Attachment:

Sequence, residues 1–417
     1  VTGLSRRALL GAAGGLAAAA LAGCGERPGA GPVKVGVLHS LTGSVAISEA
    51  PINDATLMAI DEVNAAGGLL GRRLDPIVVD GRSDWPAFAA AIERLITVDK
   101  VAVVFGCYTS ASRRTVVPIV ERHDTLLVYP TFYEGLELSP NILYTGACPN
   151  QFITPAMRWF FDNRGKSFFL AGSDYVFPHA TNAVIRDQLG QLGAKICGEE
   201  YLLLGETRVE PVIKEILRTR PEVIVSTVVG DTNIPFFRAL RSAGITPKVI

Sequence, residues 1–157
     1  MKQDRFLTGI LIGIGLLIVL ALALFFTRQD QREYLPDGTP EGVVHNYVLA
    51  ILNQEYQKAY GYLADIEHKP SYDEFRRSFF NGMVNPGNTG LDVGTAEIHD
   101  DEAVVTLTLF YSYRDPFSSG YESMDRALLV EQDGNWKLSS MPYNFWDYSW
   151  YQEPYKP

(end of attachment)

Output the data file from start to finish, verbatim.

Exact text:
Sequence, residues 1–417
     1  VTGLSRRALL GAAGGLAAAA LAGCGERPGA GPVKVGVLHS LTGSVAISEA
    51  PINDATLMAI DEVNAAGGLL GRRLDPIVVD GRSDWPAFAA AIERLITVDK
   101  VAVVFGCYTS ASRRTVVPIV ERHDTLLVYP TFYEGLELSP NILYTGACPN
   151  QFITPAMRWF FDNRGKSFFL AGSDYVFPHA TNAVIRDQLG QLGAKICGEE
   201  YLLLGETRVE PVIKEILRTR PEVIVSTVVG DTNIPFFRAL RSAGITPKVI

Sequence, residues 1–157
     1  MKQDRFLTGI LIGIGLLIVL ALALFFTRQD QREYLPDGTP EGVVHNYVLA
    51  ILNQEYQKAY GYLADIEHKP SYDEFRRSFF NGMVNPGNTG LDVGTAEIHD
   101  DEAVVTLTLF YSYRDPFSSG YESMDRALLV EQDGNWKLSS MPYNFWDYSW
   151  YQEPYKP